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BSPB Award

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Jamie Day
01727 836924
Jamie Day

This award is no longer being run.

 

The BSPB Award - sponsored by the British Society of Plant Breeders - will be won by an exceptional article exploring innovation in plant breeding and seed technologies, that highlights the application and impact of plant breeding, both before and beyond the farm gate.

Open only to Members of the Guild, potential entries could cover plant breeding technology, on-farm exploitation of latest plant types and varieties, and impact on end markets. They could relate to any farm or commercial horticulture crop, such cereals and oilseed rape, grasses and other forage crops, sugar beet, potatoes and field-scale vegetables.

Entry deadline: This award is being deferred for 12 months as BSPB is sponsoring an aspect of the pre-event tour for IFAJ Congress 2014 delegates in September 2014

Entry details here

BSPBThe British Society of Plant Breeders is the representative body for the UK plant breeding industry. Formerly the Plant Royalty Bureau, the organisation was formed in 1966 after the UK Plant Varieties & Seeds Act 1964 established a legal framework for collecting seed royalties on protected varieties. Today, BSPB represents more than 50 members, comprising virtually 100% of public and private sector breeding activity in the UK. The Society has two core functions – royalty collection and industry representation.

Winners

2013

BGAJ BSPB award 2013 - Tom Allen-Stevens + Chris GreenAn article that reports on a plant breeding programme producing hybrid varieties of wheat won Crop Production Magazine editor Tom Allen-Stevens the first of the Guild's BSPB journalism awards.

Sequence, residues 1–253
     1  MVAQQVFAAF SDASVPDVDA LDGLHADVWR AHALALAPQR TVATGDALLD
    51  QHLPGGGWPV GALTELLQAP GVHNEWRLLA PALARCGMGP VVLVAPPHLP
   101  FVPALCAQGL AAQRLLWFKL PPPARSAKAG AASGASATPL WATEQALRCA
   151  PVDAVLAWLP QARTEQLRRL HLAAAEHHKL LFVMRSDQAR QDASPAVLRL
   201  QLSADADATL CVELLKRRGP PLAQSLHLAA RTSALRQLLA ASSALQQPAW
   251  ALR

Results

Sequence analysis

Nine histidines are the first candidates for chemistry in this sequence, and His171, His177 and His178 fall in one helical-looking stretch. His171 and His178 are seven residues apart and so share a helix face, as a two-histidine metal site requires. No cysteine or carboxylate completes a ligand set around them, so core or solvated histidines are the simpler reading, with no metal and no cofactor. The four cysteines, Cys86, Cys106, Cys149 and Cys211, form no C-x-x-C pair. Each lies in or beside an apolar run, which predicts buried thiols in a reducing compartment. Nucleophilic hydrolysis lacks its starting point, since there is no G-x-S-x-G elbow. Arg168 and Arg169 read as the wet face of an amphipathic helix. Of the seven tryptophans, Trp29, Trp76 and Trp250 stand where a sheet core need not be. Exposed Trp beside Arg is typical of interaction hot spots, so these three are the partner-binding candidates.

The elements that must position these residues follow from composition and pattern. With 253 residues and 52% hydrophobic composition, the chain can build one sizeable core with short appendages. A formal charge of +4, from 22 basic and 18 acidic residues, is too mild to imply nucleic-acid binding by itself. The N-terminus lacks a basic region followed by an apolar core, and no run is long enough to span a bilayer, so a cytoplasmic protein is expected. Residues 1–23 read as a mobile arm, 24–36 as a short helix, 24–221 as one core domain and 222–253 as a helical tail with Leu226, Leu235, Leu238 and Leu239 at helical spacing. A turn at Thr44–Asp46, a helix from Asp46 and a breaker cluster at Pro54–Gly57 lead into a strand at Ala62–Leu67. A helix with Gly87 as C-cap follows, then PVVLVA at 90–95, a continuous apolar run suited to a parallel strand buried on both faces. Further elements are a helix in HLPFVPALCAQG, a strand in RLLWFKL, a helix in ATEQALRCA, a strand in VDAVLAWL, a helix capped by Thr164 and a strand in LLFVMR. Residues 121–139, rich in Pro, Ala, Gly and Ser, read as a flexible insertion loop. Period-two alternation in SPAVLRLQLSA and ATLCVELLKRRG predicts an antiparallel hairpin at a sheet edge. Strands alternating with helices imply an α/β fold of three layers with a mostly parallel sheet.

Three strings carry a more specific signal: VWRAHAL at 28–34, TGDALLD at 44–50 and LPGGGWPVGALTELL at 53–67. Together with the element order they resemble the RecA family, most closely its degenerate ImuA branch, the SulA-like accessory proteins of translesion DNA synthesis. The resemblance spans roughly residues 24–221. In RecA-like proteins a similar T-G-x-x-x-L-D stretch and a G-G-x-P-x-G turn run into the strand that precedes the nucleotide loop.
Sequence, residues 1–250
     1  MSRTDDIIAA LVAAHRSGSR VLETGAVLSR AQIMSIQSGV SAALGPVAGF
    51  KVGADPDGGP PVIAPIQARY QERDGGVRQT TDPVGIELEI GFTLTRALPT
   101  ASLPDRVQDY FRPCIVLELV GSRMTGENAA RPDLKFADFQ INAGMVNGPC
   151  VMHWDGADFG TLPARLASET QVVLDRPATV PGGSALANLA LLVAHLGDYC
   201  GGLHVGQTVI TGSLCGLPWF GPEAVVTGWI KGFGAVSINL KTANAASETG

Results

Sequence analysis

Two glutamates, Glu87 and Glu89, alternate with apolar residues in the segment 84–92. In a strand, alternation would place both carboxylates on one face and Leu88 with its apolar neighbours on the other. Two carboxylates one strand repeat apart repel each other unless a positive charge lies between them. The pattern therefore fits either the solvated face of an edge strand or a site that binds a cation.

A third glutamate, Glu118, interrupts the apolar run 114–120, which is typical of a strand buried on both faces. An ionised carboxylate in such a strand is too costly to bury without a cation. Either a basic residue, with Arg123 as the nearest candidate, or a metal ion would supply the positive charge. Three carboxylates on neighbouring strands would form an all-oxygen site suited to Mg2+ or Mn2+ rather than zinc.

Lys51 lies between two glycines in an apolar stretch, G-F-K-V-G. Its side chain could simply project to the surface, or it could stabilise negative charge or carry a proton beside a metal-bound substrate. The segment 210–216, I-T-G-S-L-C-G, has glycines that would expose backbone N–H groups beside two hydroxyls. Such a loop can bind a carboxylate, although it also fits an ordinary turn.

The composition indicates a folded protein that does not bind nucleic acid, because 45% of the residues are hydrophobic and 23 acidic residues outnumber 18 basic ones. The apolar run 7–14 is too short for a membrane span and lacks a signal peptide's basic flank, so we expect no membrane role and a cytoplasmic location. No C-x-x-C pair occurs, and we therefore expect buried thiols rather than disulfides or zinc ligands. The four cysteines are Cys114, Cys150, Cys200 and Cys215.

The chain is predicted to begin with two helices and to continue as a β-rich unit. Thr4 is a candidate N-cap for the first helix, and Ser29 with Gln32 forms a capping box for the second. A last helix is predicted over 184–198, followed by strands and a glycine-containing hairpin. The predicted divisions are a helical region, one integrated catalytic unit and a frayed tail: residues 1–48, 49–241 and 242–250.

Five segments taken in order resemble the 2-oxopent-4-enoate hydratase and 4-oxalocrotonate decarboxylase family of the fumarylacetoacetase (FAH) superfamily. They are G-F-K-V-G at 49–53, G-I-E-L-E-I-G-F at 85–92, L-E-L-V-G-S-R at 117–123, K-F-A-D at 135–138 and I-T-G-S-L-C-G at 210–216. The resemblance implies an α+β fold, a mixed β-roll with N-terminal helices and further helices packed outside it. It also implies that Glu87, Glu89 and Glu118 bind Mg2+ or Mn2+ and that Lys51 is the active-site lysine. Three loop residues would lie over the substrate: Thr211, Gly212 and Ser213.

The exclusive feature, resulting from a visit to a commercial plant breeding site in France, describes the attractive characteristics of the varieties being developed and their potential for growers in Britain.

Award judges Chris Green of Senova (pictured far right presenting the award to Tom), Robert Hiles of Syngenta and Bob Miles of Elsoms Seeds, described the piece as a very readable and well-researched story.

"The hybrid wheat article is valuable to the thinking farmer, with good factual and technical content," they added. "It's an article with plenty of interest and originality, plenty of facts with clear reasoning and discussion around them.

"It was written in an informed manner with good input from the journalist, was educational, clearly and methodically written and presented, and would hold readers' attention," the judges concluded.

Tom received his award at a pre-Cereals Event dinner staged by the British Society of Plant Breeders.

Read Tom's winning article here.

BGAJ BSPB award 2013 - winning article

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